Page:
Implanted Nerve Stimulators for Occipital Neuralgia
January 6, 2023
Migraine patients deal with seemingly never-ending headaches, neck stiffness, and dizziness. These symptoms may range from moderate to severe. But sometimes, these all too familiar symptoms, including burning, throbbing headaches and sensitivity to light, point to a condition known as occipital neuralgia.
This type of headache causes sharp, intense pain in the back of the head and neck and can be confused for migraines. This article will shed light on occipital neuralgia and how implanted nerve stimulators can help treat and reduce pain.
What Is Occipital Neuralgia and How Is It Diagnosed?
Occipital neuralgia is a condition that affects the occipital nerves that run from the top of the spinal cord to the scalp. It is characterized by a sharp, shooting pain at the back of the head, neck, and scalp. The condition is tricky to diagnose since it shares symptoms with other headache disorders.
The condition is caused by pinched or inflamed nerves in the neck. Muscle tightness can also trap nerves at the back of the neck. Simple acts such as turning the head to one side or brushing hair can trigger or worsen the pain. Some of the symptoms of occipital neuralgia include:
- Sensitivity to light
- Pain behind the eye
- Pain at the back of the head, side, and scalp
- Severe and lingering bouts of pain
When diagnosing occipital neuralgia, your doctor will do a physical exam that involves firmly pressing the area at the back of your head. The aim is to find the tender spots and reproduce the pain. The doctor may inject the nerve to see if it brings relief. A positive result confirms occipital neuralgia.
The doctor may sometimes recommend advanced tests if the physical examination is inconclusive. Performing a CT scan or MRI will give a clearer picture of the spine.
Treating Occipital Neuralgia Using Implanted Nerve Stimulators
Surgery offers an alternative treatment option when medication and other therapies aren’t as effective or produce severe side effects. Occipital nerve stimulation is an effective procedure for treating chronic headache disorders.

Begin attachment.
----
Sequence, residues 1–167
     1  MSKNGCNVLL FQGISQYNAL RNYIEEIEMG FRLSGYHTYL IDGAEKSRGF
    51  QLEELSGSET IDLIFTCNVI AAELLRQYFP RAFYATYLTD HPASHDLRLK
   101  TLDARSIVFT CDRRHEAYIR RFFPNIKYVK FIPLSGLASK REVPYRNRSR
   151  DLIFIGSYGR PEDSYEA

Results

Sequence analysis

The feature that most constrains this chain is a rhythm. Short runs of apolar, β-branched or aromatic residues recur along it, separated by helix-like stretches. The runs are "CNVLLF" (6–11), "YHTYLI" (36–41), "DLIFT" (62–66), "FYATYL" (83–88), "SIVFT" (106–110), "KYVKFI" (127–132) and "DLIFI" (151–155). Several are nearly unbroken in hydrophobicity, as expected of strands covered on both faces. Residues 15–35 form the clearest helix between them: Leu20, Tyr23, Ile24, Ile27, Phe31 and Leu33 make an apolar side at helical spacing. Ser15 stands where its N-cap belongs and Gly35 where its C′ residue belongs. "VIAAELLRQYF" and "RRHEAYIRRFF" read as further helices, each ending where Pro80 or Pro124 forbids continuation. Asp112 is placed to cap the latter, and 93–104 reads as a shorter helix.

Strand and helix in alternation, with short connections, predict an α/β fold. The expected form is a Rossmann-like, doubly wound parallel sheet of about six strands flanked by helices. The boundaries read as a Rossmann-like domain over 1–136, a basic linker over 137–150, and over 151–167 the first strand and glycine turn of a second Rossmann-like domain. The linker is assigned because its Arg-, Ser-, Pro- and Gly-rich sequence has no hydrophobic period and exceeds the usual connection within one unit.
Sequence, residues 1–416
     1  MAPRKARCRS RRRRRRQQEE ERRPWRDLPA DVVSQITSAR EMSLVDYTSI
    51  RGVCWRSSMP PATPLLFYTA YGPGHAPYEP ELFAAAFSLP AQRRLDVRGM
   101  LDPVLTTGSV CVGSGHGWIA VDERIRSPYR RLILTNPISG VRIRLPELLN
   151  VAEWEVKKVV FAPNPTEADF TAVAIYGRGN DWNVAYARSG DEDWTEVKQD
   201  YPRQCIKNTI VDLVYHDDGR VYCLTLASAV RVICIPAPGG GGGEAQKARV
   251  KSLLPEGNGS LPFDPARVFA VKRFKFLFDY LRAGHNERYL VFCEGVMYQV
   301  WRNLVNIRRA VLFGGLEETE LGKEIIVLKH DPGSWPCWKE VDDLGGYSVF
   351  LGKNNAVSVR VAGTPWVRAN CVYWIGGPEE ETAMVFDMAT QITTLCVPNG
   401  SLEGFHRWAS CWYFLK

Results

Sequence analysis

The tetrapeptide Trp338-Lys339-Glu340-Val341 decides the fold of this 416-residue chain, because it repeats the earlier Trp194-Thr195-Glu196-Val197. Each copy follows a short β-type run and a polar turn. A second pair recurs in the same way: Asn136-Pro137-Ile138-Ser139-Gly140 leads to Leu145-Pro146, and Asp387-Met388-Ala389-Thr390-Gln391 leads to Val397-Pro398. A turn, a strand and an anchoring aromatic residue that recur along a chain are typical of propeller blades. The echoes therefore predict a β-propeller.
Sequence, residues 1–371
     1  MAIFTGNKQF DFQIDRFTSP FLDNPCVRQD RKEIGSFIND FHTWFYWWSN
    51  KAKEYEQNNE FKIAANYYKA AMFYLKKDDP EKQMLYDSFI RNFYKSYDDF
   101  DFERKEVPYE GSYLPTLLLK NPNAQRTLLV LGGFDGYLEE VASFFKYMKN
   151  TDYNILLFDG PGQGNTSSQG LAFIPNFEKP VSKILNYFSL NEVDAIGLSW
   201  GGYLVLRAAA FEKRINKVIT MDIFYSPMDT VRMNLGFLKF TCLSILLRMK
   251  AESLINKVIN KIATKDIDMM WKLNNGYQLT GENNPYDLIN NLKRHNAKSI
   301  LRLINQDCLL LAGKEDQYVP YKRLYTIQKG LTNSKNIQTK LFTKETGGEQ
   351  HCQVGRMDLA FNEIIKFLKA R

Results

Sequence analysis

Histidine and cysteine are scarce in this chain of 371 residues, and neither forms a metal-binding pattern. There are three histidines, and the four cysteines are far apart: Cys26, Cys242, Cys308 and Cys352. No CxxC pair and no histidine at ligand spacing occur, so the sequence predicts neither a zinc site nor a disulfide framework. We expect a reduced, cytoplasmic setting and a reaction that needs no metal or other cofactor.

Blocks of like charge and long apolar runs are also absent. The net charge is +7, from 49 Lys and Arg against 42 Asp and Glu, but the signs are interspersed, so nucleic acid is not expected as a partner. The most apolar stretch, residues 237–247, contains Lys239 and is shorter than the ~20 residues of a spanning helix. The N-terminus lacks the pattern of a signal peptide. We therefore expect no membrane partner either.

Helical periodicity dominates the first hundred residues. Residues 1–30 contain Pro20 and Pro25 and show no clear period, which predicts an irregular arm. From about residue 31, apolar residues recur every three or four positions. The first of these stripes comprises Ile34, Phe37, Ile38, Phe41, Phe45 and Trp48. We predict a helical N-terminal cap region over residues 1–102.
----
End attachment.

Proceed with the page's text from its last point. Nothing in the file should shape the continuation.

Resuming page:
A small device that sends electrical pulses to the occipital nerve is surgically implanted at the base of the skull. It is connected to a pulse generator implanted either in the chest (under the collarbone), abdomen, or back. The electrical pulses block nerve activity and minimize the pain sensation reaching the brain.
Occipital nerve stimulation is a two-stage procedure which requires a trip to the theater room. During the first stage, a clinical specialist performs a trial whereby electrodes (wires) are placed over the affected nerves and brought out through the skin. The electrodes are connected to an external stimulator, and the effect on the patient’s pain is monitored for four to seven days.
The second stage commences if there are significant improvements in pain and quality of life during the trial stimulation. A permanent implant is placed. It is a minimally invasive procedure; the patient goes home the same day.
What Are The Risk Factors of Occipital Nerve Stimulation?
Surgical procedures carry risks that patients must discuss with qualified health providers. Some patients may experience the following complications:
- Small risk of bleeding
- Electrode movement. It requires a follow-up procedure to reposition the electrodes.
- Device damage or failure. Hard falls can break the stimulator.
- Allergic reactions
However, the benefits of implanted nerve stimulators outweigh the risks and allow patients to have control of their pain relief. The implant also enables them to participate in recreational activities, improving their quality of life.
Occipital Neuralgia Management
Chronic headaches negatively impact a person’s life, but therapies such as implanted nerve stimulators can help reduce the discomfort. They offer an alternative to pain management and allow patients to return to their active lives.
SEPSC provides excellent chronic pain management solutions to help you get your life back on track. Fill out the form below to learn more about implanted nerve stimulators.
January 6, 2023